Connected: An Internet Encyclopedia
5.2. Abnormal Examples

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5.2. Abnormal Examples

5.2. Abnormal Examples

Although the following abnormal examples are unlikely to occur in normal practice, all URL parsers should be capable of resolving them consistently. Each example uses the same base as above.

An empty reference resolves to the complete base URL:

      <>            = <URL:http://a/b/c/d;p?q#f>

Parsers must be careful in handling the case where there are more relative path ".." segments than there are hierarchical levels in the base URL's path. Note that the ".." syntax cannot be used to change the <net_loc> of a URL.

      ../../../g    = <URL:http://a/../g>
      ../../../../g = <URL:http://a/../../g>

Similarly, parsers must avoid treating "." and ".." as special when they are not complete components of a relative path.

      /./g          = <URL:http://a/./g>
      /../g         = <URL:http://a/../g>
      g.            = <URL:http://a/b/c/g.>
      .g            = <URL:http://a/b/c/.g>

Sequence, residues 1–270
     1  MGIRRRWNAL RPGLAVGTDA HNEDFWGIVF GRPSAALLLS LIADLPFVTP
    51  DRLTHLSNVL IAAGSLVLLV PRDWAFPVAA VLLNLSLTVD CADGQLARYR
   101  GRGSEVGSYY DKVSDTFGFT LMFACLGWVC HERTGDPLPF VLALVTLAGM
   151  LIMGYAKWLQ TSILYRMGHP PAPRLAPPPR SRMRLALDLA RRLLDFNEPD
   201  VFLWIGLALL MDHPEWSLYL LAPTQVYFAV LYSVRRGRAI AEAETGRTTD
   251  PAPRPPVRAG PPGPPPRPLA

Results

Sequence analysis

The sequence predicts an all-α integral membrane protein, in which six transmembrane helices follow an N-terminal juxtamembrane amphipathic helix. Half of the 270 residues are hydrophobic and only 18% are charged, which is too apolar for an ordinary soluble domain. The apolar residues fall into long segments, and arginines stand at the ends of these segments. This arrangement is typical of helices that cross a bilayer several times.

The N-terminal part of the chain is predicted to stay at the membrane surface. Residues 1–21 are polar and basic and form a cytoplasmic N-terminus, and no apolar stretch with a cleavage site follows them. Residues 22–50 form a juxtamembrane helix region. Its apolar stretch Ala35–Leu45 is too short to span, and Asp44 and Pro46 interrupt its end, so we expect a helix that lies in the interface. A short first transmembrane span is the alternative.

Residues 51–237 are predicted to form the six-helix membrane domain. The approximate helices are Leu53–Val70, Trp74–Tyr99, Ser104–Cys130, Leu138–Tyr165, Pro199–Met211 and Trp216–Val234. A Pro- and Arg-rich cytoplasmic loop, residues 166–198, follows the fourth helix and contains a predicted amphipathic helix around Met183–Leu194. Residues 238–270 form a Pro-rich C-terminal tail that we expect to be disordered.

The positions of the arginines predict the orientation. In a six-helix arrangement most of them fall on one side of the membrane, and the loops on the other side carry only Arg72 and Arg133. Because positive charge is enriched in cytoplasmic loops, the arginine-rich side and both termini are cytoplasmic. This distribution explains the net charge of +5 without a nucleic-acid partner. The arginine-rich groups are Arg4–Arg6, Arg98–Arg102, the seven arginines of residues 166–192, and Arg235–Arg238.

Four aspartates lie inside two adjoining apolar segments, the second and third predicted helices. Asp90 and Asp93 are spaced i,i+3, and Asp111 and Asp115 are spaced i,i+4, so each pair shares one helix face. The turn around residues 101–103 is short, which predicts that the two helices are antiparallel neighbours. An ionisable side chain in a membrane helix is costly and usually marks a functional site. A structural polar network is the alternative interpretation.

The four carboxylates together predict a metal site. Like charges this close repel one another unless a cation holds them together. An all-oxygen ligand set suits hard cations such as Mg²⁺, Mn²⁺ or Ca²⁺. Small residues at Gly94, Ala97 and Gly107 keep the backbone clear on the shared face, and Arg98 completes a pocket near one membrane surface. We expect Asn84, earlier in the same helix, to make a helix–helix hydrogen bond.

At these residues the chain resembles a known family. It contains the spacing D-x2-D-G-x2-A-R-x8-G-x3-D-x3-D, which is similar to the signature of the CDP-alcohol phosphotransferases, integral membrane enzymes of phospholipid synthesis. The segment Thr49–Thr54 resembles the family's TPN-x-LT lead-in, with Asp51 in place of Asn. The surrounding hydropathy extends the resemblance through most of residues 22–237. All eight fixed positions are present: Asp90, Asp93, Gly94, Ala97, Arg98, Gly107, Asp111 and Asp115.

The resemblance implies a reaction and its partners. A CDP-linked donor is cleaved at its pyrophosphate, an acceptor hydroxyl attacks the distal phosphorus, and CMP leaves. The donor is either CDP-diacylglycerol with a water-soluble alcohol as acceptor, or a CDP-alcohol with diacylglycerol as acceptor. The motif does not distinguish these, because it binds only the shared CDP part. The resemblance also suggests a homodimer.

g..           = <URL:http://a/b/c/g..>
      ..g           = <URL:http://a/b/c/..g>

Less likely are cases where the relative URL uses unnecessary or nonsensical forms of the "." and ".." complete path segments.

      ./../g        = <URL:http://a/b/g>
      ./g/.         = <URL:http://a/b/c/g/>
      g/./h         = <URL:http://a/b/c/g/h>
      g/../h        = <URL:http://a/b/c/h>

Finally, some older parsers allow the scheme name to be present in a relative URL if it is the same as the base URL scheme. This is considered to be a loophole in prior specifications of partial URLs [1] and should be avoided by future parsers.

      http:g        = <URL:http:g>
      http:         = <URL:http:>

Next: 5.3. Recommended Practice

Connected: An Internet Encyclopedia
5.2. Abnormal Examples